required by benediction or grace, his,
the Night, his the deep Night,
when pin-prick wind
feeds on his face from cosmic spaces.
He looks at it; the Angel regards him.
There is no gesture of going, or staying.
He has not offered it a chair, nor poured
a second cup of tea (as if a phantom
needed rest or stimulant!). It has not smiled
or offered a word of comfort. Male
or female, being of dark or light,
mute if messenger, closed hands
and clenched jaw not of caresses
made or expected, for whom
would this dis-enchanter
stay? longed for by all, painfully draped
from trees for lonely hearts to admire —
if it is not about love, what is it?

Somewhere in a ruined abbey
is a black, unyielding bell,
its clapper of life long gone, so that
nothing save the hammer-blow
of final Apocalypse can ring it.

He thinks, Can this be lighter for lovers?
Does the Angel come with a clarion,
the high trilling of silver bells?
Go off then, he thinks. Your business
is with some fool in love, not me.

Lovers! They only deceive themselves!
When will they learn? Throw out your
loneliness: it is but air from the absence of arms to encircle you.
Exhale the idea. Gift it to birds —
at least they will use the lift of it for flight.


Springs needed him. Stars arching up
from winter sleep awaited the names
with which he’d anchor them. What
is a poet for? Waves from the past
anticipated the nights he’d call them back.

Sometimes, on city street, he’d hear
a violin surrender itself to bow and arm
behind an open window-way. What
is a poet for? to make of anything
and everything a Heaven, all with words;
to beat down Hell, if that is what
the story indicates. This was entrusted him,
and to a few others before and after.

But he seldom equaled it. Was he
not always led off by expectations,
made the fool by mere coincidence,
as though all this were signaling
there was someone he was supposed
to love? (He stalked immensities
on his pages, but lovers stalked him,
their shaggy sentiments going in and out,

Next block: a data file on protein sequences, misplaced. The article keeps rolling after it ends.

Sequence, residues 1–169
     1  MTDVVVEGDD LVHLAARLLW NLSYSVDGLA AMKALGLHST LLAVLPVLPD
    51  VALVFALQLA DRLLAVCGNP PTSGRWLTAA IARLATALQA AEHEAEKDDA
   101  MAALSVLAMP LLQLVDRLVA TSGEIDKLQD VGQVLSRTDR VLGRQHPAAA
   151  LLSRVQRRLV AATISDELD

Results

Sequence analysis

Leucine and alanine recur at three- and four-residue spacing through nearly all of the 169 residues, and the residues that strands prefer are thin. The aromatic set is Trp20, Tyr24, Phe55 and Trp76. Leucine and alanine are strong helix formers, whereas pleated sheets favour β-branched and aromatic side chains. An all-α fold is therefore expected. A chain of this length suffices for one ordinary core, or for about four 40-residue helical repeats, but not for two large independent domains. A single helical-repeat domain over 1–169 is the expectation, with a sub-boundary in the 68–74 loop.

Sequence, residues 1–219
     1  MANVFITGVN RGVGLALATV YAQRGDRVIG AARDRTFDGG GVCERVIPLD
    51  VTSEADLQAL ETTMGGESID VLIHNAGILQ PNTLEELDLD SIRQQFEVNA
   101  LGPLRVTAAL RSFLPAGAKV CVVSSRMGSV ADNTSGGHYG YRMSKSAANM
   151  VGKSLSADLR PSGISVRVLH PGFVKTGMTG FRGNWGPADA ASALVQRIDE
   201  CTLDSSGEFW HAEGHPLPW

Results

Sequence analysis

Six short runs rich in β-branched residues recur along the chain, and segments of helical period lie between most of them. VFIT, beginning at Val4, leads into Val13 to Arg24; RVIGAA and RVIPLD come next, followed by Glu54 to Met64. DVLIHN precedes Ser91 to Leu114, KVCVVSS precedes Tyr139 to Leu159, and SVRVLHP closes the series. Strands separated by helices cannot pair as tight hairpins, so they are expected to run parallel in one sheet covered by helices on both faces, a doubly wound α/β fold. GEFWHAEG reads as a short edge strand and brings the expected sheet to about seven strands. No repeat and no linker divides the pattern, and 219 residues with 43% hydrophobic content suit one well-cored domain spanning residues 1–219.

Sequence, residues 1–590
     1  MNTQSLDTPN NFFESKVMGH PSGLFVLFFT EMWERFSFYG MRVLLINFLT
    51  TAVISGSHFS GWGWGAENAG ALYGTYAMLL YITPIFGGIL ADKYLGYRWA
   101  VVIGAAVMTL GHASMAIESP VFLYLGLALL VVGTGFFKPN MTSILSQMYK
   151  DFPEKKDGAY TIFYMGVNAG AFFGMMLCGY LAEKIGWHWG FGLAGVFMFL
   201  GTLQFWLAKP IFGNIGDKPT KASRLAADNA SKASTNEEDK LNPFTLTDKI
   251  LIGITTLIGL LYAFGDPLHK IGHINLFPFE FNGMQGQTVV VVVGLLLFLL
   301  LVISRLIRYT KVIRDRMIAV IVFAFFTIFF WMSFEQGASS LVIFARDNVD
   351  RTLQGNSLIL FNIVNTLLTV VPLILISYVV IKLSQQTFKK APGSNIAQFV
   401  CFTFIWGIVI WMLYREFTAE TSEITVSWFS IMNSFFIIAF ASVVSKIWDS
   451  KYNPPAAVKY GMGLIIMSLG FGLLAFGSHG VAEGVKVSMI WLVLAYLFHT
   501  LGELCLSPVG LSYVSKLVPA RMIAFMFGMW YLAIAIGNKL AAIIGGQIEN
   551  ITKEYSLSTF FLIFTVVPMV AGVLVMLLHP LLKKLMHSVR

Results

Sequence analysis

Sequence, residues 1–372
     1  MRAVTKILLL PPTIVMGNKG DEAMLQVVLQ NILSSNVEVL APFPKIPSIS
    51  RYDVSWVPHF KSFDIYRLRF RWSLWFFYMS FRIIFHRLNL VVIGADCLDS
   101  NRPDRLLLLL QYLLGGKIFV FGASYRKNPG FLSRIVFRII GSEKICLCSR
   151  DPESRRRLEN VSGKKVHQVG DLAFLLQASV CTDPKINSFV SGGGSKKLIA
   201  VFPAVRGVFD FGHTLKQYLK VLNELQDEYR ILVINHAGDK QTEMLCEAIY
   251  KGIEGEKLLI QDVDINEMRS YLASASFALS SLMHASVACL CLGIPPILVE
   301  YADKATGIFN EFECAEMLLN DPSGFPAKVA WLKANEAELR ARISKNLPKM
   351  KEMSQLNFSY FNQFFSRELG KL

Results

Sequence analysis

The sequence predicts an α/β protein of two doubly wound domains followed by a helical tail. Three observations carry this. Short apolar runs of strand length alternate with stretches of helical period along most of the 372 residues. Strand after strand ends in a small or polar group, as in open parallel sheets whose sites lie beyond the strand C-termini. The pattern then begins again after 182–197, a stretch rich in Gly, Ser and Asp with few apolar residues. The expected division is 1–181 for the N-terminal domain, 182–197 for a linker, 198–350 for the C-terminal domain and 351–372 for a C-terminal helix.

and sometimes even staying
until the sparrows awoke him).

If even one were love, why did
those pages piled high not earn
and keep some fair companion? Why now
this incorporeal Angel accusing him?


One arm extended, the Angel advances,
and places on the poet’s paper’d table,
a single, silver arrow, fletched in black.
No blood has stained its point or shaft.

He gazes in terror and fascination:
no sword is as mighty as his wielded pen,
but as for Love’s arrow —

When longing seized him, late at night
in the final ache before sleeping, he sang
of great lovers: the fame of all they felt
is never immortal enough that he could not
add to its luster among the fixed stars.
He almost envied some of them (Antony
and his Egyptian queen, dead Romeo
and expiring Juliet, the unforgettable and
unpursued Beatrice, leading Dante on),
especially the forsaken ones enduring
beyond the need for requited love. Each verb
of his verse aspired to unattainable praise
for them. He did not mourn the Hero,
but Lovers whom we have utterly lost.
Exhausted Nature takes them back
without transforming them again,
dead in a sunken city,
dead in a ruined tomb,
dead despite the ascent to Purgatory’s
heights. Dead at the beginning
of love instead of at the end
of a long life of mutual devotion.

He held their valiant possibilities
and revered them; wished that his own
old sufferings could yield such fruit.

To one afar, who shunned him,
to another, already entombed,
had he not written in his lines,
In Love’s name I abjure you.
Let me instead be like
those valiant doomed lovers.
Is it not time I freed myself
from you, and, quivering, endured?

But there, the Arrow before him.
If in his name it had flown,
it had reached no one;
if aimed for him, it lay there
unshot, unclaimed and pure.

Where was the bow, the quiver,
the bold arm tensed, the eye
with perfect aim, the string
whose one vibration would fell him?

The Arrow endured the string,
fell somewhere where the Angel
acquired it and came as messenger.
In this, its conciliated leap
it was much more than itself.

An arrow, motionless, is sad.
It knows that staying
is nothingness.